[application registerForRemoteNotifications];

Access the registration token

By default, the FCM SDK generates a registration token for the client app instance on initial startup of your app. Similar to the APNs device token, this token allows you to target notification messages to this particular instance of the app.

In the same way that iOS typically delivers an APNs device token on app start, FCM provides a registration token via the messaging:didReceiveRegistrationToken callback of the FIRMessaging delegate on each app startup. During the first app start, and in all situations where the registration token is changed, the FCM SDK retrieves the token. In both cases, the FCM SDK calls messaging:didReceiveRegistrationToken: found in the FIRMessageDelegate protocol.

The registration token may change when:

  • The app is restored on a new device
  • The user uninstalls/reinstall the app
  • The user clears app data.

Set the messaging delegate

To receive registration tokens on app start, implement the messaging delegate protocol in a class and provide it to the delegate property after calling [FIRApp configure]. For example, if your application delegate conforms to the messaging delegate protocol, you can set the delegate on application:didFinishLaunchingWithOptions: to itself.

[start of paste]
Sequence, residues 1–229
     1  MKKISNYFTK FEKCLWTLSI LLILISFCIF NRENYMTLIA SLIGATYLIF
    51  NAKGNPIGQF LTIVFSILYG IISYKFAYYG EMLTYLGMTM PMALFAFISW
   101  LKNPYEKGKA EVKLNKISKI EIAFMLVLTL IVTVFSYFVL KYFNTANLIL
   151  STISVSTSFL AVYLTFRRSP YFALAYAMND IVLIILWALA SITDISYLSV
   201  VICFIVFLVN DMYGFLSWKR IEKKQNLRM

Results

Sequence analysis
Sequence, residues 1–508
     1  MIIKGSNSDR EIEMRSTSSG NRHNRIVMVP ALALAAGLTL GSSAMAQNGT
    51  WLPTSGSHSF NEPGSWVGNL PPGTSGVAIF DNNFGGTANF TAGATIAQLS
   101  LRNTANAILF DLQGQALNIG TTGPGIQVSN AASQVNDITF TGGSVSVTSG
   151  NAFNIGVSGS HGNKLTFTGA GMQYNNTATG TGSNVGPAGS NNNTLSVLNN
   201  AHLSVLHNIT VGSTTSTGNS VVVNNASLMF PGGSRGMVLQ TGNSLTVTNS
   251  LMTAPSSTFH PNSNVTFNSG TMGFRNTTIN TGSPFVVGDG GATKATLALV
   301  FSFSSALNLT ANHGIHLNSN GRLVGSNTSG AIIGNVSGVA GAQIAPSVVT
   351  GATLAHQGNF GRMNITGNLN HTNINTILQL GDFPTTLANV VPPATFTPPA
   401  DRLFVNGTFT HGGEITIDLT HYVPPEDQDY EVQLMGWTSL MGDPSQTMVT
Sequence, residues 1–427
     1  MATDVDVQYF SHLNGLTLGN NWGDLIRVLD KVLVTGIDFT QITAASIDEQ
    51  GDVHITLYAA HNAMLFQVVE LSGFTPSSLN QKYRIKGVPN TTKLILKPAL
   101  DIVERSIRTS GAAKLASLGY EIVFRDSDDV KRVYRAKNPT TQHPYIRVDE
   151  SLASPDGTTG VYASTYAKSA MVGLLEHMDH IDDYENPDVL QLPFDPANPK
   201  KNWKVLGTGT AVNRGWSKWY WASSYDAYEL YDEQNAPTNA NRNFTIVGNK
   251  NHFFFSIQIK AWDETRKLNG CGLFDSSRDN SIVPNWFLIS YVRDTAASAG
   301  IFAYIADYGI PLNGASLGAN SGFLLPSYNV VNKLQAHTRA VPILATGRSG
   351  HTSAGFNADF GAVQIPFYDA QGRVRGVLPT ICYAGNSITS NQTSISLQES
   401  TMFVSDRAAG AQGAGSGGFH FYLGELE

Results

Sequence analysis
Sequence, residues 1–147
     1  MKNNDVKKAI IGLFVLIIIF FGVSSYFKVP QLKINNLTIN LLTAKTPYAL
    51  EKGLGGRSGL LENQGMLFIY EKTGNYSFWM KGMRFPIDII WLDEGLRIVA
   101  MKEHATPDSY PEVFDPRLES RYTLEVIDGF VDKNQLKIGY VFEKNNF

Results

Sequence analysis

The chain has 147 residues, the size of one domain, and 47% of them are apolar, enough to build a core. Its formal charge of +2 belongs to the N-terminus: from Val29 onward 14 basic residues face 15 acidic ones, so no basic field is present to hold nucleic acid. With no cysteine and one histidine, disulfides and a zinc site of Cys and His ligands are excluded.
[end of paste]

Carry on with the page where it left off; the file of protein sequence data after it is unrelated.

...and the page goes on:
Messaging.messaging().delegate = self


[FIRMessaging messaging].delegate = self;

Receive the current registration token

Registration tokens are delivered via the method messaging:didReceiveRegistrationToken:. This method is called generally once per app start with an FCM token. When this method is called, it is the ideal time to:

  • If the registration token is new, send it to your application server (it's recommended to implement server logic to determine whether the token is new).
  • Subscribe the registration token to topics. This is required only for new subscriptions or for situations where the user has re-installed the app.


let token = Messaging.messaging().fcmToken
print("FCM token: \(token ?? "")")


NSString *fcmToken = [FIRMessaging messaging].FCMToken;
NSLog(@"FCM registration token: %@", fcmToken);
After this delegate method is called, the registration token is available via the token property (FCMToken for Objective-C, fcmToken for Swift). Prior to this delegate method call, the property may be nil.

Monitor token generation